Cool Earth partners with Teesh artisans. We provide them with tools and materials to work with ancestral seeds collected from the rainforest. These mothers use the income to support their families.

A step backward in recognising Indigenous rights

Peru’s Congress passed amendments to their Forestry and Wildlife Law in January 2024, sparking outcry from Indigenous groups across the country. Dubbed the “Anti-Forestry Law,” it’s condemned for its severe threat to the Amazon rainforest and the rights of the Indigenous people who live there.

A History of Participation and Protection

The original Forestry and Wildlife Law was a landmark achievement, developed during an extensive process between 2009 and 2011. This process brought together the Peruvian government, Indigenous peoples and local communities for over 50 meetings to create this crucial legislation.

Prior to its modification, the Forestry Law aimed to promote the conservation, protection, and sustainable use of Peru’s forests.

Ignoring Indigenous Rights for Corporate Interests

However, recent amendments to the law have been pushed through by the Peruvian Congress, bypassing consultation with Indigenous peoples and instead prioritising the voices of private companies.

“Despite directly affecting the rights of Indigenous peoples, the Anti-Forestry Law was not consulted with us, nor was it even informed or built in a participatory manner with our organisations. This has been pointed out by various international human rights protection organisations,” – ONAMIAP, April 20th.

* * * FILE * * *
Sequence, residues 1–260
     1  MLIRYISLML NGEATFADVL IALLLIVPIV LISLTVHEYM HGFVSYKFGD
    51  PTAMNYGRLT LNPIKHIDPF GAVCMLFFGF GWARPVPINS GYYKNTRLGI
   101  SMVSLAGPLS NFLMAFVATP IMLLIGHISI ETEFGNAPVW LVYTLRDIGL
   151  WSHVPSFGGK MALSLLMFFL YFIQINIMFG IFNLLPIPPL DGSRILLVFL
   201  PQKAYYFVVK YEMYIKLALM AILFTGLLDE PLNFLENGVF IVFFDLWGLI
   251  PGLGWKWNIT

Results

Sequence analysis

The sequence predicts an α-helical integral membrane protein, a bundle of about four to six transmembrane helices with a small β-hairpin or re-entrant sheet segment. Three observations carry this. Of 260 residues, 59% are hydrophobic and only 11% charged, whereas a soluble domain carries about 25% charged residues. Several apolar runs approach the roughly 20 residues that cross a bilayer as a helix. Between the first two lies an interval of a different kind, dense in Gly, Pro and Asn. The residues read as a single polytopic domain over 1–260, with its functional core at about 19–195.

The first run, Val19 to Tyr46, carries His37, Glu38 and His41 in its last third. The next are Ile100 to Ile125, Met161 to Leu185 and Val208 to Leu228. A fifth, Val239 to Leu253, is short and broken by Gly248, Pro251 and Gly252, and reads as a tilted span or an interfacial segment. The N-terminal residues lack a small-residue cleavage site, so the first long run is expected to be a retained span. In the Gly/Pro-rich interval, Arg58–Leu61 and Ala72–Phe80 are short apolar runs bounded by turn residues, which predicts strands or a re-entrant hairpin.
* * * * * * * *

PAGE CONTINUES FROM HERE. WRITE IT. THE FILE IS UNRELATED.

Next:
More than 300 organisations and civil society representatives have already spoken out against the law, but their voices have gone unheard.

Ashaninka leaders walking in the Amazon rainforest.

Ashaninka leaders walking in the Amazon rainforest.

The Voice of Indigenous Peoples

Over the past weekend, various Indigenous organisations called for demonstrations against these law modifications in 24 cities across Peru.

Ruth Luque, a Peruvian congresswoman and president of the Commission on Andean, Amazonian, and Afro-Peruvian Peoples, spoke out, insisting that “this law, known as the Anti-Forestry Law, favours impunity for multiple environmental crimes.”

Ketty Marcelo, a leader of the Yánesha-Asháninka people and president of ONAMIAP, our Indigenous partner organisation, made a plea for the recognition of Indigenous rights:

“In the last 20 years, a system of territorial dispossession, both legal and illegal, has been implemented from the executive and legislative branches. For us Indigenous Peoples, everything in the territory has life; it is the life that we safeguard. The Anti-Forestry Law directly affects our peoples. It violates the right to our integral and ancestral territory. It benefits invaders, illegal loggers, and drug trafficking. The impacts are devastating. There are brothers and sisters who have died defending the security of our territories.”

From Cool Earth, we stand with our partners and urge the immediate repeal of this law that violates Indigenous rights and the sustainability of the forest.